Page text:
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[Q&A] It's a complex world
Raini Hamdi, Macau, April 13, 2017
 

Janet McNab has to fill 4,400 rooms daily and 15,500m2 of meeting space, and manage hundreds of staff to deliver two different brand experiences. Raini Hamdi finds out how the managing director of the largest Sheraton and the largest St Regis in the world – Sheraton Grand Macao Hotel Cotai Central, and The St Regis Macao Cotai Central – does it

 

 

How do you do it?
The team does it. You have a structure behind you that facilitates all of that and it’s unlike the traditional structure of a standalone property.

 

I sit as MD and I’ve got a team of GMs – who may I add are all women – in charge of finance, human resource, and sales & marketing. Then I’ve got a gentleman coming on board as GM of operations. They are the four most important positions and working with them is a “complex” executive committee for revenue management, IT, F&B, rooms and engineering. Together, this core team of leaders, backed by their team, manage the operations for St Regis and Sheraton.

 

 

What key requisites are needed for “complexing” to work?
Having the same owner for the properties help, as well as the proximity of the properties. In my previous role, we “complexed” two properties that are side by side in Koh Samui – Vana Belle, a Luxury Collection Resort, and Sheraton Samui Resort (formerly the Imperial Samui Beach Resort). You get economies of scale and are better off putting your dollars and cents where it services the guest than building a hierarchy.

 

 

But how do you switch from St Regis to Sheraton, one a class above than the other?
Intrinsically, you just do and yes, you don’t always get it right. Each property also has different needs, whether it’s the performance (yardsticks) or staff motivation, etc. But you just know where to spend your time. Some days, like this morning, I went to the St Regis briefing and we discussed some changes we wanted to make to The Manor (the hotel’s restaurant). Then I walked over to Bene (Sheraton’s Italian restaurant), looked at the breakfast at the club, and by the time I ended up at the office, it was 10.30.

 

But it works beautifully. The role is dynamic. Once you’ve worked here, it’d be really difficult to go to a smaller standalone.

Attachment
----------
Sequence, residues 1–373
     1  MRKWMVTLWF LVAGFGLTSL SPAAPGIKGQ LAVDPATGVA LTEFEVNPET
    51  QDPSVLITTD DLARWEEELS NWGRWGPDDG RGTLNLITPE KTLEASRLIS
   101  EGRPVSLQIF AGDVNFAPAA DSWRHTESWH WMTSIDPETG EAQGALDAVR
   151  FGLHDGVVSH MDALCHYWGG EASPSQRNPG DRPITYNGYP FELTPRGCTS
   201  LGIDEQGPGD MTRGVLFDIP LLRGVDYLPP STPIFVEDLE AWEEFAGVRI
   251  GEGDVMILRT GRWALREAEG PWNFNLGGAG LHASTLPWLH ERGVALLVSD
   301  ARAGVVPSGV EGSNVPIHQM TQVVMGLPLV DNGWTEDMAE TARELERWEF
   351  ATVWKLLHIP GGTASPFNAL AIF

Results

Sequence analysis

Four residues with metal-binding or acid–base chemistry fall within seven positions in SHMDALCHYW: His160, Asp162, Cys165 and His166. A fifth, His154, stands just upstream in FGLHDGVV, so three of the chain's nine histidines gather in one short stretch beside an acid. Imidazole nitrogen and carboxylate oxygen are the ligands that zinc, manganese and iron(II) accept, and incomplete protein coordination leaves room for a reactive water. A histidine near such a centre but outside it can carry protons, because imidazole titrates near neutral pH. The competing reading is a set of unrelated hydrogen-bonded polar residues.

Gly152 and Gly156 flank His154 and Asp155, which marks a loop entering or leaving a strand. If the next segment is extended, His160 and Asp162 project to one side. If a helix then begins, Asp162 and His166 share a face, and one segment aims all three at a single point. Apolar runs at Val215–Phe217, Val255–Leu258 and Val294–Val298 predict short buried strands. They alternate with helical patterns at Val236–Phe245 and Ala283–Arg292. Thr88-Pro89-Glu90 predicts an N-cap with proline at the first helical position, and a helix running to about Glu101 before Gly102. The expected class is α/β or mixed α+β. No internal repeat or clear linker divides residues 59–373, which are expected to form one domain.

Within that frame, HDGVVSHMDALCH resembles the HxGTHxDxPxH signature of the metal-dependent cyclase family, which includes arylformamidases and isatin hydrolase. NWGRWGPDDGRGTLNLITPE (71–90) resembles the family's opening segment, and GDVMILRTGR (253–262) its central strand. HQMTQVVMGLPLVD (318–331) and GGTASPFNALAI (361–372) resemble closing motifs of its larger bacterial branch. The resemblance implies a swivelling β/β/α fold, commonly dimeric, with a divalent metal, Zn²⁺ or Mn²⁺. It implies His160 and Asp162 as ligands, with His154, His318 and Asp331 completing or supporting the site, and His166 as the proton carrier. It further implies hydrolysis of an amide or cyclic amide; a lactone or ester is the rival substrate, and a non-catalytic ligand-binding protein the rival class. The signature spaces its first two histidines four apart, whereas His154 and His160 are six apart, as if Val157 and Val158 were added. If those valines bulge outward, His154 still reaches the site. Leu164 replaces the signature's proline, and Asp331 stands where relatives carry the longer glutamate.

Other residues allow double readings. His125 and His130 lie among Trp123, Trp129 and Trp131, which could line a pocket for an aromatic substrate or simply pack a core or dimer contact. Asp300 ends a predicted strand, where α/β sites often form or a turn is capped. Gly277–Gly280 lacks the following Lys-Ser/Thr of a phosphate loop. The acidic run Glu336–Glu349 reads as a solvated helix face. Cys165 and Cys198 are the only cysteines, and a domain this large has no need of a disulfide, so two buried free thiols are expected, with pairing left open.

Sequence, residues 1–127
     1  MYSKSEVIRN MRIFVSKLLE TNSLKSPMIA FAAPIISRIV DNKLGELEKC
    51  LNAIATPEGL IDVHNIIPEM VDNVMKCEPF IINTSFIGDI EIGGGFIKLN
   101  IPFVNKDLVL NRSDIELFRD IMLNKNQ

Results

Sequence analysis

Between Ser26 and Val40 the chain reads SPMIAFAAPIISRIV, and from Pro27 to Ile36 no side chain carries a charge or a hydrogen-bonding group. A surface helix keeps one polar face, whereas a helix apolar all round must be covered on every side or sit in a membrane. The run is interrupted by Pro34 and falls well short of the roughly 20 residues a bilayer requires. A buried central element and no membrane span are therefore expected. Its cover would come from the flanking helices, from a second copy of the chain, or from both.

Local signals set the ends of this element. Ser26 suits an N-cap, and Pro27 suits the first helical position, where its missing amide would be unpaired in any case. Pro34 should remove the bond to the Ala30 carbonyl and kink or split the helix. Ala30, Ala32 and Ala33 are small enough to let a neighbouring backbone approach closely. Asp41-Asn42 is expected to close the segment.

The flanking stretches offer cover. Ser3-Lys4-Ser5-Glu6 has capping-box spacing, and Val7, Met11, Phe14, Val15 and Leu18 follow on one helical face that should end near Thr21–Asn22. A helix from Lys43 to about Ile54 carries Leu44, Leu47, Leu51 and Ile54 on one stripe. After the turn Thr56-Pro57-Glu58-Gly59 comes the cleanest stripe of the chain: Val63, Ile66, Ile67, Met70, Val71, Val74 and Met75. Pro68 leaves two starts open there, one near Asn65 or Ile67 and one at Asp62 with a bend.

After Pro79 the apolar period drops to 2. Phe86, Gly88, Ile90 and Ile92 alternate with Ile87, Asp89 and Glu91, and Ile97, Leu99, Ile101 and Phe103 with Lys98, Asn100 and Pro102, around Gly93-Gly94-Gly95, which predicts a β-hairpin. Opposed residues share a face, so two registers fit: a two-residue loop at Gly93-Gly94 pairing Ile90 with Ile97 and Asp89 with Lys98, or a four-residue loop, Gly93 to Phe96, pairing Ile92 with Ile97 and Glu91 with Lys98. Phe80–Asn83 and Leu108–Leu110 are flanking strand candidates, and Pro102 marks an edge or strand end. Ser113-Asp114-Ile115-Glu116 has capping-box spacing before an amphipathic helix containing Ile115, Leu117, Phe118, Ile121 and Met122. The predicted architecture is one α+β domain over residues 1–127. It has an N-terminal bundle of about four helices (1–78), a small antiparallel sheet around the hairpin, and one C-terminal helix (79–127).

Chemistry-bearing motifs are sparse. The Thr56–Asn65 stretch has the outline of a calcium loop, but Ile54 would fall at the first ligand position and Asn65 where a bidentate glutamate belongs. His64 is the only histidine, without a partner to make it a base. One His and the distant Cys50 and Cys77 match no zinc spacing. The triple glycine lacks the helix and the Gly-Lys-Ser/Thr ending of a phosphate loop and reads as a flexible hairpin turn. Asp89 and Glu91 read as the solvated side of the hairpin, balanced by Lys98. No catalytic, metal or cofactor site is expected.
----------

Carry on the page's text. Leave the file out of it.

It also helps that there is no overlap between the two brands. Sheraton is positioned as family-oriented – we’ve got family rooms, (cartoon) characters that walk around and all that. Whereas St Regis is for luxury customers, not just the leisure customers who come to enjoy the spa, shop, and have a lovely weekend away from home, but also the leadership of companies who we can accommodate at St Regis when they meet at Sheraton.

 

 

But Sheldon Adelson owns seven interconnected hotels with 13,000 rooms on the strip. That makes Sheraton and St Regis also sisters of the Conrad, Holiday Inn, Four Seasons, Venetian and Parisian. How does that work?
We compete, sure, but it is and complementary sometimes. Together, we can pitch for a 10,000 pax conference. In fact we have just booked a Cotai-wide event comprising 9,000 pax for this December with rooms at Sheraton, Parisian, Venetian and Holiday Inn (a direct-selling company with participants coming from the Asia-Pacific region). The largest Cotai-wide event we’ve done was around 10,000 pax, once again for a direct-selling company, and that was in September last year.

 

Where else in Asia can you accommodate 10,000 pax in a variety of brands where participants walk in air-con comfort throughout, don’t have to get on a bus – the logistics is just so smooth. Sheraton alone has 14,000m2 of meeting space, including the Kashgar ballroom which is 4,800m2 and can cater for 5,000 guests. The seven hotels combined offer a total of 150,000m2 of meeting and exhibition space.

 

As we all have the same owner, there is selfless interest. Yes, we’re part of the Marriott (International) family, but we’re also part of the Sands China family.

 

 

What are the key challenges of filling up a combined 4,400 rooms and 15,500m2 of meeting space at Sheraton and St Regis?
Visitations have gone up in Macau generally, but there has also an increase in supply. So it’s all about keeping our fair share.

 

The challenge for me would be more about getting the right customer at the right price and the right hotel. Making sure the relationships we have with our customers are solid enough so that they don’t go anywhere else. And that covers what we do in sales & marketing but also the service delivery.

 

We exceeded our budgets in Q1. Occupancy was in line with the budget and we had a bit of growth in ARR.

 

 

What are your goals this year?
St Regis has opened just for a year, so want to build the brand equity for this property and get it consolidated under our complex environment.

 

For Sheraton, we want to make sure we keep our market share, consolidate our position into 2018/2019, and keep the product ‘alive’. We have a few initiatives we can’t talk about yet.

 

 

Where do you get your enormous amount of energy?
From the staff. Believe me, when I sit in a morning briefing and I hear staff proudly say we picked up 7,000 covers, or 3,000 room nights yesterday, I can’t stop thinking how we do in one weekend here what some hotels do in a month or six months.

 

Last August, we did at Sheraton the same number of room nights in one month that my previous one property did in one year. You are just so proud of what happens around here.

 

 

Most people don’t know that you…
… can power shop (laughs). I’m very good at it, so good that I told my husband recently I won’t be having credit cards on me anymore. I am on the way to an owner’s meeting and if I run out of lipstick, or need to buy a present it’s all right there. And if it’s not a good meet, I’d buy myself a pair of shoes on the way back (jokes)!

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